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Cuban painters of the vanguard (fragment)
Ramón Vázquez
 

Raising of Modern or Avant-garde Art in Cuba. 1927- 1938.


1. Breakings and Baby Steps. 1925 – 1927. This period closes with the 1927 New Art Exhibition (Exposición de Arte Nuevo de 1927), inventory of expectations, findings and lacks, only reached maturely hy three advanced: Víctor Manuel García, Antonio Gattorno and Juan José Sicre, who had already have their European experience.


2. Set Back and Exodus. 1927 – 1933. Those who would be definied as the leading artists, among the pathfinders, travel to Europe. Amelia Peláez and Eduardo Abela in 1927; Marcelo Pogolotti in 1928; Carlos Enríquez in 1930. This is the way how the earliest direct clashes , not only with the latest trends, but with all western painting tradition took place. Apropriation dialectics -transformation – integration – synthesis resulting in the creation of the earliest classics of Cuban modernism begins, curiously this happens within the old continent


3. Reintegration within the Island: consolidation: 1934 – 1939. As a result of having returned to Cuba an important group of artists, by different reasons – including the not less important historical opening after Gerardo Machado´s dictatorship overthrown-, the movement vacilantly born a decade before, becomes coherent and mature. Those who have come across European experiences. more or less wide began interacting among themselves, transmitting their lessons to the younger ready to appear on stage, to exert their influence upon cultural environment but, mainly, to be themselves, influences by the environment they rediscover with their trained eyes. This is the moment of the “criollización” (creation of a purely Cuban style) by Amelia Pelaez´painting, or the making of the “romancero guajiro” (referring to Cuban peasantry stories) by Carlos Enriquez. In 1939 Marcelo Pogolotti return completes the stage, by setting an interesting counterpoint, making use of its plastic severeness and its rigor of thought..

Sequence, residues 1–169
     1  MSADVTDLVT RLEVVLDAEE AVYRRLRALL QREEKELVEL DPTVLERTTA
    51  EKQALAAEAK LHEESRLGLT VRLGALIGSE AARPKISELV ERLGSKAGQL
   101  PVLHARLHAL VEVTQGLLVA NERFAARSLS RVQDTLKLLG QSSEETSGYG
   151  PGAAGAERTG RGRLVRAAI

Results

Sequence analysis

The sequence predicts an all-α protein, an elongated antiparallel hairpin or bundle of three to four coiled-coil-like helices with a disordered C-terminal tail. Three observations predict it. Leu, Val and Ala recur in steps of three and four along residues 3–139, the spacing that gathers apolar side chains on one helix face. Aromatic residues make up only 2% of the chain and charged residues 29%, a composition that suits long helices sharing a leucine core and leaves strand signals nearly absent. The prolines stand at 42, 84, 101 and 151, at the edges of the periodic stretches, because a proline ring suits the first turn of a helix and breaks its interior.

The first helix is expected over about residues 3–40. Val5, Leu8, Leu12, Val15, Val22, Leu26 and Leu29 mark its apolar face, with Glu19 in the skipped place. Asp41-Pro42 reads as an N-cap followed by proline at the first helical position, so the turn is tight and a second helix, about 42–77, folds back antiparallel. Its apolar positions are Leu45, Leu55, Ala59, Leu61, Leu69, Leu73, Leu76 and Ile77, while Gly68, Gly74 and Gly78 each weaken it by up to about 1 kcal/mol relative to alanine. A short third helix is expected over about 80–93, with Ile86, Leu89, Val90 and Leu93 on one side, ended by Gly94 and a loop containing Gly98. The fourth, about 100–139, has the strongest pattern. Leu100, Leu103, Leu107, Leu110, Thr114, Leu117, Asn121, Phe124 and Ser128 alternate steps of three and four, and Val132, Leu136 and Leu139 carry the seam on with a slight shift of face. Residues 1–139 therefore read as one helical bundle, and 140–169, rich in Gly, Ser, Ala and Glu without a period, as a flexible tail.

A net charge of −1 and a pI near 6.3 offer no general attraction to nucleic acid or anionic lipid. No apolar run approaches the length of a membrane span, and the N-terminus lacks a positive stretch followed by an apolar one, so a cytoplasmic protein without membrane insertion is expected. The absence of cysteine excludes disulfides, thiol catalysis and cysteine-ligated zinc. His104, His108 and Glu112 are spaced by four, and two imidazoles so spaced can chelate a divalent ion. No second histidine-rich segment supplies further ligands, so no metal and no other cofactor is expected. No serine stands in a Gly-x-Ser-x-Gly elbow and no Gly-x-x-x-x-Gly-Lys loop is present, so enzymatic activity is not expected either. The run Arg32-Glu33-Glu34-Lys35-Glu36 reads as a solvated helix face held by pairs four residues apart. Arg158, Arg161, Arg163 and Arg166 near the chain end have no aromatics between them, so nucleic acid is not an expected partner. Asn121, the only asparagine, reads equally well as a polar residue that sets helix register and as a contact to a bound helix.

Without many doctrinary documents or manifestos, the “new art” points to three main trends: se the “criollismo”, the “afrocubanismo” and the social concern painting.
Naturally, these definitions do not really present neatly. Many times the Cuban cross-breeding dilutes the limits between criollismo and afrocubanismo, in the same way that poetic intuition of some artists – Víctor Manuel, for instance- goes beyond and devours those guidelines, which seem to be their starting point. On the other hand, the extreme politization of the period – stressed by the the so-called “1930 Revolution”, paved the way to the mixing up and blending of the aforementioned trends: the criollismo and afrocubanismo sometimes get quite defined social connotations..


Other very important lonely personalities – like Amelia Peláez or Fidelio Ponce – however are out of these schemes and foretell other worries.


Consolidation stage: 1939 – 1951.